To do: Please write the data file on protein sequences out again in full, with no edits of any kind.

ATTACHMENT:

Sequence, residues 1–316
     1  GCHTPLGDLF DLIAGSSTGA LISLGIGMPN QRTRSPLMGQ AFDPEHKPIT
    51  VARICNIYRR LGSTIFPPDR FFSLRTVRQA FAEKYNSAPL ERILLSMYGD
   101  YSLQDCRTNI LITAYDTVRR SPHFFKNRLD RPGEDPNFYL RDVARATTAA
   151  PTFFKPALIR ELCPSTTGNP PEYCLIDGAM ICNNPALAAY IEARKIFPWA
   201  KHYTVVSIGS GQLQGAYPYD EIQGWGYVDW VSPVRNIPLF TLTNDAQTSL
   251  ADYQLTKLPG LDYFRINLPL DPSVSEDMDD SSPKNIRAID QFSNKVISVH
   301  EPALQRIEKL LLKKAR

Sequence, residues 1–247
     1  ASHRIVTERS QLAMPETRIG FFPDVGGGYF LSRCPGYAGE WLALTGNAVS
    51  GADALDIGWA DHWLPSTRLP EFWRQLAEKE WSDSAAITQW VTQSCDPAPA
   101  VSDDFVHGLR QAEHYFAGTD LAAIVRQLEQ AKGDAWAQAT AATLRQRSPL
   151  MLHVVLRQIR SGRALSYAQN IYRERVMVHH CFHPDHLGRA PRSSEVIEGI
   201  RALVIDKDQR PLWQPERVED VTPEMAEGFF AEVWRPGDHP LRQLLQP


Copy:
Sequence, residues 1–316
     1  GCHTPLGDLF DLIAGSSTGA LISLGIGMPN QRTRSPLMGQ AFDPEHKPIT
    51  VARICNIYRR LGSTIFPPDR FFSLRTVRQA FAEKYNSAPL ERILLSMYGD
   101  YSLQDCRTNI LITAYDTVRR SPHFFKNRLD RPGEDPNFYL RDVARATTAA
   151  PTFFKPALIR ELCPSTTGNP PEYCLIDGAM ICNNPALAAY IEARKIFPWA
   201  KHYTVVSIGS GQLQGAYPYD EIQGWGYVDW VSPVRNIPLF TLTNDAQTSL
   251  ADYQLTKLPG LDYFRINLPL DPSVSEDMDD SSPKNIRAID QFSNKVISVH
   301  EPALQRIEKL LLKKAR

Sequence, residues 1–247
     1  ASHRIVTERS QLAMPETRIG FFPDVGGGYF LSRCPGYAGE WLALTGNAVS
    51  GADALDIGWA DHWLPSTRLP EFWRQLAEKE WSDSAAITQW VTQSCDPAPA
   101  VSDDFVHGLR QAEHYFAGTD LAAIVRQLEQ AKGDAWAQAT AATLRQRSPL
   151  MLHVVLRQIR SGRALSYAQN IYRERVMVHH CFHPDHLGRA PRSSEVIEGI
   201  RALVIDKDQR PLWQPERVED VTPEMAEGFF AEVWRPGDHP LRQLLQP